The Tree Flag (or Appeal to Heaven Flag) was one of the flags used during the American Revolution. The flag, featuring a pine tree flag with the motto "An Appeal to God," or, more usually, "An Appeal to Heaven", was used originally by a squadron of six cruisers commissioned under George Washington's authority as commander in chief of the Continental Army in October 1775. It was also used by Massachusetts' state navy vessels in addition to privateers sailing from Massachusetts
The phrase is a particular expression of the right of revolution used by British philosopher John Locke's in Second Treatise on Civil Government which was published in 1690 as part of Two Treatises of Government refuting the theory of the divine right of kings.
Locke's works were well-known and frequently quoted by colonial leaders, being the most quoted authority on government in the 1760-1776 period prior to American independence. Thomas Jefferson was accused of plagiarizing Locke in certain sections of the Declaration of Independence by fellow Virginian delegate Richard Henry Lee.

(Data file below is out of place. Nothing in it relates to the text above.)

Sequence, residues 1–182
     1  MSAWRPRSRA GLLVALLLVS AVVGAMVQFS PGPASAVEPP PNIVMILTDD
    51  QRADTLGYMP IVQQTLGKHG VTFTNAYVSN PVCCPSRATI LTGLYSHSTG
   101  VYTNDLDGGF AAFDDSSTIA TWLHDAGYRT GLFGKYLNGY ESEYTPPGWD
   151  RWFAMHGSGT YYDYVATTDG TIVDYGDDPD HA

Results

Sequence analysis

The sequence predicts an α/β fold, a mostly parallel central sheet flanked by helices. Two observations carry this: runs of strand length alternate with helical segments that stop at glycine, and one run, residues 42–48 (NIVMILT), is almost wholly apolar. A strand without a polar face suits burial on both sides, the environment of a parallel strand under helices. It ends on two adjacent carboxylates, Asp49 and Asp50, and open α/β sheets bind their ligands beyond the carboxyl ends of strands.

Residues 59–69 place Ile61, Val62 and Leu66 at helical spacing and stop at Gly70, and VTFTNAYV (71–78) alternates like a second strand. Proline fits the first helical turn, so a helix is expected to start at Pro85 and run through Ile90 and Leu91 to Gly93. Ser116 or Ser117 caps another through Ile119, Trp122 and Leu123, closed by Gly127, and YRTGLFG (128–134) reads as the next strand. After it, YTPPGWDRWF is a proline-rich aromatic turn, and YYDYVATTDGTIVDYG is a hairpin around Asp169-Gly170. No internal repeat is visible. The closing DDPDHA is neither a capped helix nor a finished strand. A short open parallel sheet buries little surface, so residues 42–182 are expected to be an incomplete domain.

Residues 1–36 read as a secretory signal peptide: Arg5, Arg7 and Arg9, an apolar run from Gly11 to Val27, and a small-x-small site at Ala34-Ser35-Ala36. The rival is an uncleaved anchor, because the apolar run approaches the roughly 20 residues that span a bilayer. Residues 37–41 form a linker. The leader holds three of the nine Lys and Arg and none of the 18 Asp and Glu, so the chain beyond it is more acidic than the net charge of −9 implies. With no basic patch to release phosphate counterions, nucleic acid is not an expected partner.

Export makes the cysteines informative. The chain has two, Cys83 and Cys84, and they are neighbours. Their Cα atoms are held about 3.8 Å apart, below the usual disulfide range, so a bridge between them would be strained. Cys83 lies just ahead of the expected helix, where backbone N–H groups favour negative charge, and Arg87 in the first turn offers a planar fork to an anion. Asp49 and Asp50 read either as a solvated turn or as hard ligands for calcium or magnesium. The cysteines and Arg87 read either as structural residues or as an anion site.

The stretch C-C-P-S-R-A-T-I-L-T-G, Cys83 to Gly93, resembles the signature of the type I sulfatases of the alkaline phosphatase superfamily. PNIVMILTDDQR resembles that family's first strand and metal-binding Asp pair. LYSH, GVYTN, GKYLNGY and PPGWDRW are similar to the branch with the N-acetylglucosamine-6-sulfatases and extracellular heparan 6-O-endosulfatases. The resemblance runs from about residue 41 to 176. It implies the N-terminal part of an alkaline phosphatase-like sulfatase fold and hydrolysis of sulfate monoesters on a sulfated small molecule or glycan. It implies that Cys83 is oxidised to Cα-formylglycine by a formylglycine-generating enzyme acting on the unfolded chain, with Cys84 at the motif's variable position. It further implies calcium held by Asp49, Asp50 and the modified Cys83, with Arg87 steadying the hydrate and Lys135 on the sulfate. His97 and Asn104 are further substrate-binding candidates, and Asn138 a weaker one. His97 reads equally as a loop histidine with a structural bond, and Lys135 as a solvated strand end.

Prior to Colonel Reed's suggestion and Massachusetts General Court establishing the Pine Tree flag as the standard of the Massachusetts navy, "an appeal to Heaven" or similar expressions had been invoked by the Massachusetts Provincial Congress in several resolutions, Patrick Henry in his Liberty or Death speech, and the Second Continental Congress in the Declaration of the Causes and Necessity of Taking Up Arms. Subsequently, it was used again by the Second Continental Congress in the Declaration of Independence.